But soon after, we realized we are making new ethical issues. What is needed before patients can receive stem cell treatments for the 10 or so diseases you identified?
We can make a human kidney or human pancreas in pigs if human i PS cells are injected into the embryo.
Well, we realized that it would take a great deal of time and would be unrealistically expensive to carry out the deep sequencing and animal studies for each patient’s cells. We can help just a small portion of patients by stem cell therapy. Parkinson’s disease is caused by failure of very specialized brain cells that produce dopamine.
How many compatible donor cell lines do you expect will be needed to cover the Japanese population? One particular line — just one — can work for 17 percent of the Japanese population. For example, target diseases for cell therapy are limited. Heart failure is caused by loss of function of cardiac heart cell. We can make that one type of cell from stem cells in a large amount, and by transplanting those cells, we should be able to rescue the patient.
I think it’s likely that clinical trials will be well underway for many of these diseases in the next decade.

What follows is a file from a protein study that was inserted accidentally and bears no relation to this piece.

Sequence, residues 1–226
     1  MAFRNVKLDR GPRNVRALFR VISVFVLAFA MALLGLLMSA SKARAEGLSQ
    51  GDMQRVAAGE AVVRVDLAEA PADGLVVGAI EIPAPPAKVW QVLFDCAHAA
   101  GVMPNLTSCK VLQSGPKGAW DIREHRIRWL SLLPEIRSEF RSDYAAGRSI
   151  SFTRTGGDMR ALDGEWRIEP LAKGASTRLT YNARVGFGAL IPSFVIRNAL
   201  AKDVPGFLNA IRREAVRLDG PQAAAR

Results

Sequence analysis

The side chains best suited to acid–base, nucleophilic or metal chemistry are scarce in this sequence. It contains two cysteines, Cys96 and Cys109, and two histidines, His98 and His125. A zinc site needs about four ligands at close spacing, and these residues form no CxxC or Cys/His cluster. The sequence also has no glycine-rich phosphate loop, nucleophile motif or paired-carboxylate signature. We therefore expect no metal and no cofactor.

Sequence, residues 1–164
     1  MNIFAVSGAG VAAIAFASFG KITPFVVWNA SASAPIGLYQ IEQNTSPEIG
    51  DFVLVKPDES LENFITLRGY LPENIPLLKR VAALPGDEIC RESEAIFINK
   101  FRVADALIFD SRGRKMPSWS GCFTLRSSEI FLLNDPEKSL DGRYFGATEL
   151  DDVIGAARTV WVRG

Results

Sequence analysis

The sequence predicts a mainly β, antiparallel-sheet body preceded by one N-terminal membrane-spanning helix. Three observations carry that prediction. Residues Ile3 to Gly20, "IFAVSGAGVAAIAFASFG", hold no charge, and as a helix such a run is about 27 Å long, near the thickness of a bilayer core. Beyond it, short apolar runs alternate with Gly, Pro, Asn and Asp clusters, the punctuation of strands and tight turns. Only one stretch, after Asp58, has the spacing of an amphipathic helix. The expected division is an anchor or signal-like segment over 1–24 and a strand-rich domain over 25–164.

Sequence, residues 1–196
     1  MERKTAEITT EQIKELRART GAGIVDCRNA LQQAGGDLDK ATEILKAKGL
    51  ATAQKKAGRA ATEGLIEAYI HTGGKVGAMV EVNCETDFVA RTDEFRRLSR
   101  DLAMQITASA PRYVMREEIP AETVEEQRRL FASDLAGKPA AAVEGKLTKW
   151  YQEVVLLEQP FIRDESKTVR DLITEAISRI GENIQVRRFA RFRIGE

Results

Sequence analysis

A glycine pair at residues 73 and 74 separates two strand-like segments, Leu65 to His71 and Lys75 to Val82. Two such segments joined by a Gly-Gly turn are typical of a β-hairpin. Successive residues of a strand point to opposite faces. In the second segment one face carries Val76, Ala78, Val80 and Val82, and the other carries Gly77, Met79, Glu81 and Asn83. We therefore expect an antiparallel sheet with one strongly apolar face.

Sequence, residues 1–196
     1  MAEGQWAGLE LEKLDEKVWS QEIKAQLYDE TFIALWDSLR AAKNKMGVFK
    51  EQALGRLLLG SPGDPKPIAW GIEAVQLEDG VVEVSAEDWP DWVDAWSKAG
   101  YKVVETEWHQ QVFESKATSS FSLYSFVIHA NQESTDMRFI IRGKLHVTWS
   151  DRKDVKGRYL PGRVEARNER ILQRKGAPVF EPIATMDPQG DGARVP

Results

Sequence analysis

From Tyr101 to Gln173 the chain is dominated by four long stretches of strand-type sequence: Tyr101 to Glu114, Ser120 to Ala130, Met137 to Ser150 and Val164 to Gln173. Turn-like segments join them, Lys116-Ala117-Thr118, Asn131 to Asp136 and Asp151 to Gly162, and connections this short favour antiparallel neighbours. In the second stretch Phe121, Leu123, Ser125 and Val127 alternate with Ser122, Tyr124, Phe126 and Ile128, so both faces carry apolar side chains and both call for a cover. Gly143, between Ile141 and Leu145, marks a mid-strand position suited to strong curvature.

Your discovery has not entirely replaced embryonic stem cells for potential treatments.In the meantime, to ensure continued support, we are displaying the site without styles and Java Script.Dieter Egli was just about to start graduate school in 1998 when researchers first worked out how to derive human embryonic stem cells.Still, many say that human embryonic stem cells are now more relevant than ever.“I am very excited about embryonic stem cells,” says Egli.In the two decades since, the prolific cells have been a fixture of his career.The biologist, now at Columbia University in New York City, has used them to explore how DNA from adult cells can be reprogrammed to an embryonic state, and to tackle questions about the development and treatment of diabetes.He has even helped to develop an entirely new form of human embryonic stem cell that could simplify studies on what different human genes do.His wide-ranging research established him as a leader in embryonic stem-cell biology, a field challenged by restricted funding and an enthusiasm for competing technologies that don’t carry the same ethical baggage. You are using a browser version with limited support for CSS.To obtain the best experience, we recommend you use a more up to date browser (or turn off compatibility mode in Internet Explorer).